When Choosing Is Not Deciding: the Effect of Perceived Responsibility on Choice Outcome Satisfaction

When Choosing Is Not Deciding: The Effect of Perceived Responsibility on Choice Outcome Satisfaction

Simona Botti

Cornell University

Ann L. McGill

University of Chicago

 

Prior research has found differences in satisfaction for choosers and non-choosers of the same outcome. Two studies show that differentiability of the choice set options moderates this effect. When options are more differentiated choice enhances satisfaction in positively-valenced choice contexts and dissatisfaction in negatively-valenced choice contexts, but when options are less differentiated choosers experience the same level of satisfaction as non-choosers. We test the hypothesis that the effect of outcome differentiability is due to differences in perceived level of responsibility and subsequent self-credit and self-blame for the decision outcome. A third study separates the effects of differentiability from random choice.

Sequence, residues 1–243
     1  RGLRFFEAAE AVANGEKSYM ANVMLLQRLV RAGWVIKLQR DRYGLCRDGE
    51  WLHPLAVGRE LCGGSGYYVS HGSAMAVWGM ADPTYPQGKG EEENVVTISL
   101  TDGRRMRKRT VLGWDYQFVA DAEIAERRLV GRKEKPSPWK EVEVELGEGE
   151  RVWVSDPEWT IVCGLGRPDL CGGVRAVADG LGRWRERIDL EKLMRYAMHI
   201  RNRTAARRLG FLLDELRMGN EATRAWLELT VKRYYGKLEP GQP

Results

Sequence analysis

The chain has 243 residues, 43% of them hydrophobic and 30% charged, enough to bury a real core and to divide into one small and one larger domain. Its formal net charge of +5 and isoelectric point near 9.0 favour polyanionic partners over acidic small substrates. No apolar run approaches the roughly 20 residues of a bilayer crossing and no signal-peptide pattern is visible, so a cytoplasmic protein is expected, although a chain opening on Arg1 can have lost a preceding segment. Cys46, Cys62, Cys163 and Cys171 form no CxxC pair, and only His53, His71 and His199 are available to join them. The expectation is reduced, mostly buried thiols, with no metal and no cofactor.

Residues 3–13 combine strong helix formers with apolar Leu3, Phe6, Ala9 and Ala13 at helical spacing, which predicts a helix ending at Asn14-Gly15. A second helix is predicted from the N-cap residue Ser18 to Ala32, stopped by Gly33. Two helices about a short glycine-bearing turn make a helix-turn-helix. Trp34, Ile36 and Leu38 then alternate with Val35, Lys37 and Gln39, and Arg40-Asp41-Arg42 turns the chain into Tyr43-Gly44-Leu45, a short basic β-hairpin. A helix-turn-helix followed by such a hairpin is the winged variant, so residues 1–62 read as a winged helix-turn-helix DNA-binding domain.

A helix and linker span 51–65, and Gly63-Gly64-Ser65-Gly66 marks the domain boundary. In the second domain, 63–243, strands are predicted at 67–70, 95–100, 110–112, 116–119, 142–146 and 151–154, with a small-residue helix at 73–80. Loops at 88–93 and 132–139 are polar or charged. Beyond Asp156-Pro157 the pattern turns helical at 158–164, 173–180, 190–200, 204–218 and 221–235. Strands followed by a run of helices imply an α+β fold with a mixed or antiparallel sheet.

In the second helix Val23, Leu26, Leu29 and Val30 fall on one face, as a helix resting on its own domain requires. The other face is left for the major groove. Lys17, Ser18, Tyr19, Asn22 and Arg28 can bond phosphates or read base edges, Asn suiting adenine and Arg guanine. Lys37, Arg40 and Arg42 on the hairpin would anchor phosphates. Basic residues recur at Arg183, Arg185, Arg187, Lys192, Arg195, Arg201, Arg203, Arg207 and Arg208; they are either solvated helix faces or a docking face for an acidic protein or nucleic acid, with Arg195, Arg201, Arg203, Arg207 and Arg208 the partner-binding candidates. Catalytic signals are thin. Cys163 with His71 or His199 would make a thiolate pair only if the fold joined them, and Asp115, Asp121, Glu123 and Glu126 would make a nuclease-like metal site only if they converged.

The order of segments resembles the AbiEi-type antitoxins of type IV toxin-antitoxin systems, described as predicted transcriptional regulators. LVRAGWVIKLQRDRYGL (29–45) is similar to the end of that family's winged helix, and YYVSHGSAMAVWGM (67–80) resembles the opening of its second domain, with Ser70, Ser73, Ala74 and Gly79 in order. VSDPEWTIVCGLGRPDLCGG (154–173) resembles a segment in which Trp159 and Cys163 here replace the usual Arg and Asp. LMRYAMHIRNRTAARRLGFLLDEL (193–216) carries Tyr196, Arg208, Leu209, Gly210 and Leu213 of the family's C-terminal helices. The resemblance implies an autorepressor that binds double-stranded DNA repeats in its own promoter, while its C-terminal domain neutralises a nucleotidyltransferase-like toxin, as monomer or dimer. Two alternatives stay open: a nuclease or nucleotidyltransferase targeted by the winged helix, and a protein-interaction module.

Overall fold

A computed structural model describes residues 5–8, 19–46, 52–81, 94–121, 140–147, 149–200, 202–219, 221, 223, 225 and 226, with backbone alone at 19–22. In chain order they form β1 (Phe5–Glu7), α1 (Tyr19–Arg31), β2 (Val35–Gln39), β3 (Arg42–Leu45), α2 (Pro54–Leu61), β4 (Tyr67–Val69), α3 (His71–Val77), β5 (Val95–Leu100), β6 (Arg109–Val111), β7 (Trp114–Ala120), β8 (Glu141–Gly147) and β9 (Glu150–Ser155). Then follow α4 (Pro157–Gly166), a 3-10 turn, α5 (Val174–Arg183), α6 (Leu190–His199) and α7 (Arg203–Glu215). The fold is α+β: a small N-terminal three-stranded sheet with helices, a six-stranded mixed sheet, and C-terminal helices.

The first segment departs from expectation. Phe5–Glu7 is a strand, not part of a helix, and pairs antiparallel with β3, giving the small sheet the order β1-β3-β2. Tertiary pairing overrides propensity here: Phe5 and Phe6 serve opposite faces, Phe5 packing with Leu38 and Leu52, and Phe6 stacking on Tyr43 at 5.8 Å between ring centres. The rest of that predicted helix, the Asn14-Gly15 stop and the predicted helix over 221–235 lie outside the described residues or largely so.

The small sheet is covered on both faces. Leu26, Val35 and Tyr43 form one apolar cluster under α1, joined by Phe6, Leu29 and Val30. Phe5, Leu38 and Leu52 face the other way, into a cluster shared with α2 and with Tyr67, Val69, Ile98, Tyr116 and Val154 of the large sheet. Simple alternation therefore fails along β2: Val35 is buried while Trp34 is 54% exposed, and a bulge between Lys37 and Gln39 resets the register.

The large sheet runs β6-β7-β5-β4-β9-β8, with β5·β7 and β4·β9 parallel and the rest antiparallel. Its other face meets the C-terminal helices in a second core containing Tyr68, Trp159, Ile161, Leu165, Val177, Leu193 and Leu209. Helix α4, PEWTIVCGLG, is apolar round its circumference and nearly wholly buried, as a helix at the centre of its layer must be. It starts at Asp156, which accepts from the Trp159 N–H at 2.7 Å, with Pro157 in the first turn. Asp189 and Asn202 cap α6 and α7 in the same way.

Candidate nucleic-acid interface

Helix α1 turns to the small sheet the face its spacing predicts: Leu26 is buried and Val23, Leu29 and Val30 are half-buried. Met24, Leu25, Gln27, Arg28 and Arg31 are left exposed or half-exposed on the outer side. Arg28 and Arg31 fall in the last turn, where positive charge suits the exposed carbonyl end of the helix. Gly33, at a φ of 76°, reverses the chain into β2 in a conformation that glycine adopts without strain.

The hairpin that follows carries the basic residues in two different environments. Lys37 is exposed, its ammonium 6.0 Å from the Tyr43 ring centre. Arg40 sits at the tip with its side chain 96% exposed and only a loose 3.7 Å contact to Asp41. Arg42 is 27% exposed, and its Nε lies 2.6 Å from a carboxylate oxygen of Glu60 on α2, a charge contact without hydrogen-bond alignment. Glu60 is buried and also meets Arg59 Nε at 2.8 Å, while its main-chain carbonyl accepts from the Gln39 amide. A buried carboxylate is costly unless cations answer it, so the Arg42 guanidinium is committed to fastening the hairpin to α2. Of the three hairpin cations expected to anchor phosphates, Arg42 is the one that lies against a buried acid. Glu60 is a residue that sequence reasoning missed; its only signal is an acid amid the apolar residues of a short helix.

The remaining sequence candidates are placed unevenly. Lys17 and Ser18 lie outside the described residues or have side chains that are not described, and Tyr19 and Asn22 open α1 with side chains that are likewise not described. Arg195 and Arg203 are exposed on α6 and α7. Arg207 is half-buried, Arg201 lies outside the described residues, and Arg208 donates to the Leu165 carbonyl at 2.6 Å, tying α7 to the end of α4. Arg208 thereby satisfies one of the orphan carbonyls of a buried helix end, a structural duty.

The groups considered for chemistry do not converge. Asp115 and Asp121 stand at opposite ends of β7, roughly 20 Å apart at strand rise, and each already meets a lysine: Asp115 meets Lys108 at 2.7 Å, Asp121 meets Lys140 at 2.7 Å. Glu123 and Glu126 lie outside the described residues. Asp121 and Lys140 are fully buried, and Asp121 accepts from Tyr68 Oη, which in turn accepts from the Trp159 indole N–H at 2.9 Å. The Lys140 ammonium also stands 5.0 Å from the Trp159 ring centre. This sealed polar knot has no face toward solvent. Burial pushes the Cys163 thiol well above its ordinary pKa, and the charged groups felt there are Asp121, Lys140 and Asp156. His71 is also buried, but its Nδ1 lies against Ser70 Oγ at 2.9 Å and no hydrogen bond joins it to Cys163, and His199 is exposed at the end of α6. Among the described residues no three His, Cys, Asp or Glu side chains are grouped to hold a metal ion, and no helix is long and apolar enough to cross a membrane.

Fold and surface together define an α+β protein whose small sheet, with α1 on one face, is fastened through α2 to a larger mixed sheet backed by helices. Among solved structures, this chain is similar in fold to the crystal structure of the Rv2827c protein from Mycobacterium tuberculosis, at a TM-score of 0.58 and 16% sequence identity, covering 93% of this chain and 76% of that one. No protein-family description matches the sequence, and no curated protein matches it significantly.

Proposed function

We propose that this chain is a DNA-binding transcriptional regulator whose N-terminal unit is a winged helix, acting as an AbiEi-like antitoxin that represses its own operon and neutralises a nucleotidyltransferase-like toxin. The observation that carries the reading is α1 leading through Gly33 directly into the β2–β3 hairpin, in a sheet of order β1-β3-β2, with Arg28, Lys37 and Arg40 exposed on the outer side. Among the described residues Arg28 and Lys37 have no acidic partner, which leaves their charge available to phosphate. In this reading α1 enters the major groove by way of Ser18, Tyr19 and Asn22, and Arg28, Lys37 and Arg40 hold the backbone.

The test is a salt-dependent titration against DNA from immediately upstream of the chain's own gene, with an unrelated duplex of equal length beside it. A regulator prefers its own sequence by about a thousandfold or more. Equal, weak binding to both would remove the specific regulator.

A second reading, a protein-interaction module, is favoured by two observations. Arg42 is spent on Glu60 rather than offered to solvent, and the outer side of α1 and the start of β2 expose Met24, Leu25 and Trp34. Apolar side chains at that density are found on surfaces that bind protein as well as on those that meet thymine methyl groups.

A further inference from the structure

Citation:

Simona Botti and Ann L. McGill (2006) ,"When Choosing Is Not Deciding: the Effect of Perceived Responsibility on Choice Outcome Satisfaction", in NA - Advances in Consumer Research Volume 33, eds. Connie Pechmann and Linda Price, Duluth, MN : Association for Consumer Research, Pages: 512-513.

Authors

Simona Botti, Cornell University
Ann L. McGill, University of Chicago



Volume

NA - Advances in Consumer Research Volume 33 | 2006



Share Proceeding

Featured papers

See More

Featured

C8. Can Packaging Imagery Fill Your Stomach? Effects of Product Image Location on Flavor Richness, Consumption Quantity, and Subsequent Choice

Taku Togawa, Chiba University of Commerce
Jaewoo Park, Musashi University
Hiroaki Ishii, Seikei University
Xiaoyan Deng, Ohio State University, USA

Read More

Featured

P12. Disclosure of Project Risk in Crowdfunding

Jooyoung Park, Peking University
KEONGTAE KIM, Chinese University of Hong Kong, China

Read More

Featured

Trust, but Verify: A Multi-level Examination of Online Reviews and Persuasion Knowledge

Martin A. Pyle, Ryerson University
Andrew Smith, Suffolk University
Yanina Chevtchouk, University of Glasgow

Read More

Engage with Us

Becoming an Association for Consumer Research member is simple. Membership in ACR is relatively inexpensive, but brings significant benefits to its members.